There are already some gateways on the market which offer 4G and are based on VoLTE technology, but these can’t guarantee reliable DTMF transmission either. The only way to solve the network shutdown and avoid the troubles with DTMF distortion is to choose a proper 4G gateway. Such a VoIP gateway should be based on the standard SIP protocol to ensure smooth voice and data transmission.

How to start your

Considering all mentioned factors forming today and tomorrow’s telco and the IT world, the only way to enter the future goes hand in hand with transformation to full IP. Partnering with companies with strong competency in VoIP will save you time, and money, and help you to increase your reputation on the market. Here are some rules of thumb:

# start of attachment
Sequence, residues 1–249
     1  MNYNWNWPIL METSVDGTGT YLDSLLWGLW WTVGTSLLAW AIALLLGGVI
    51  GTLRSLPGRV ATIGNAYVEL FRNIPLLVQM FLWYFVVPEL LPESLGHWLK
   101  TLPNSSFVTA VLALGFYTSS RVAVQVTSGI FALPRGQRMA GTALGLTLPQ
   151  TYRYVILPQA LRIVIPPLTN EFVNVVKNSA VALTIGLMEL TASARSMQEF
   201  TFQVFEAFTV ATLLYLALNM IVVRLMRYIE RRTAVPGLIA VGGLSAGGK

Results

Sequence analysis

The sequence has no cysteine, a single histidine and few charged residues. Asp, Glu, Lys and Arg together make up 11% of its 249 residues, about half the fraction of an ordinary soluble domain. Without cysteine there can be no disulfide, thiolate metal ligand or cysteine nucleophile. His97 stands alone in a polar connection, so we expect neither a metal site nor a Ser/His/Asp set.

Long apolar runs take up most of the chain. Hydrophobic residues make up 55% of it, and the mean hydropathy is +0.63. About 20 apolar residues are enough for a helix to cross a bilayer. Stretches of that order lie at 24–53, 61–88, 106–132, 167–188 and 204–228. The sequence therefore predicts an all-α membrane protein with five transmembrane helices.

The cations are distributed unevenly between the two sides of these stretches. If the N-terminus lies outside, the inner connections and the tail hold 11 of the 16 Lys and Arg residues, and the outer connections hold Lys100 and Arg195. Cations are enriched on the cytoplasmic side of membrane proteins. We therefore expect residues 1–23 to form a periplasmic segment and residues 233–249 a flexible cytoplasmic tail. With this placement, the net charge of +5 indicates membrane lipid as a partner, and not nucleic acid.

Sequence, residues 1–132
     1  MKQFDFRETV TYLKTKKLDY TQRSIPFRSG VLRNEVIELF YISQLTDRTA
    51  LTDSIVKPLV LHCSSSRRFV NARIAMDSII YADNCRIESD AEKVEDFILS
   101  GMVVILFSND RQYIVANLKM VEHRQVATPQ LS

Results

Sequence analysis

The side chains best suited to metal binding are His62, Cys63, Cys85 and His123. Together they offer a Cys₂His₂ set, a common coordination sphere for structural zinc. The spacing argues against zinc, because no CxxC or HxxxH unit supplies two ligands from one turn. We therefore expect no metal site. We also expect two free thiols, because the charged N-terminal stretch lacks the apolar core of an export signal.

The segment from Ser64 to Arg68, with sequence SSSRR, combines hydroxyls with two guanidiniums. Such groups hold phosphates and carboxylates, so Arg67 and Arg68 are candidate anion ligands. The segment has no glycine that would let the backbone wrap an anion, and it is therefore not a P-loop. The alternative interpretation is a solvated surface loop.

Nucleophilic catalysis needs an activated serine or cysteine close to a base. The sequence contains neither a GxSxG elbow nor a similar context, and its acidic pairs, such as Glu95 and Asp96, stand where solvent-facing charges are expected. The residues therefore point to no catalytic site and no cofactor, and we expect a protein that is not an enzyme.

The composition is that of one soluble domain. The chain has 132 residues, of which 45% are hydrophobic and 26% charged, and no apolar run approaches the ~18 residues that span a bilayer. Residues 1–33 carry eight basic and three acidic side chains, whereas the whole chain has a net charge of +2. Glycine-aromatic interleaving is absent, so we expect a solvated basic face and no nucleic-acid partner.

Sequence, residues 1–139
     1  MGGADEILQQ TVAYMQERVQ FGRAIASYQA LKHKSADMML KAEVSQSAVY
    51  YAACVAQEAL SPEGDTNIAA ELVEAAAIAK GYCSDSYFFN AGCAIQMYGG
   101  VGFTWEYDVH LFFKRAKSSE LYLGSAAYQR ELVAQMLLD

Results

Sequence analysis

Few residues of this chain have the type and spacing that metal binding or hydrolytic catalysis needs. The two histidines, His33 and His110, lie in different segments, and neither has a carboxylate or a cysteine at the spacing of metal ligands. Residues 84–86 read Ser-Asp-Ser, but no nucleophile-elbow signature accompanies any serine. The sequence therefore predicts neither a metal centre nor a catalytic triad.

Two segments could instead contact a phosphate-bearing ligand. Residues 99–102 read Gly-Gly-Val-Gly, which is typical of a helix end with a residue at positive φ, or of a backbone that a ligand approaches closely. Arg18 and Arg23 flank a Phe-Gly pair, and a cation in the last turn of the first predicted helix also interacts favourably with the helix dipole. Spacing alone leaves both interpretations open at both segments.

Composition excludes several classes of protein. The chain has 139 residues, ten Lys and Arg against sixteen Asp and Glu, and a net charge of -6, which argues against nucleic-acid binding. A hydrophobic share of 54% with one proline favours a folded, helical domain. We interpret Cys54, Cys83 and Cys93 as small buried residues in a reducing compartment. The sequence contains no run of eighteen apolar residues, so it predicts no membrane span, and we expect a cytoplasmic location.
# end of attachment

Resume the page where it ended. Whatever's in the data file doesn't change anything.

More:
• Find out the 2G and 3G shutdown plans of your mobile carrier and region
  • Set a long-term strategy for gateway replacement and lift modernization
  • Find and test out VoIP gateways
  • Run pilot projects
  • Begin with mass deployment according to your strategy


We are standing at the beginning of changes that will define emergency communication for the next decade! Inevitable changes in communication network technologies will have a huge impact on all lift companies, so get ready for the 4G, and VoIP shifts as soon as possible.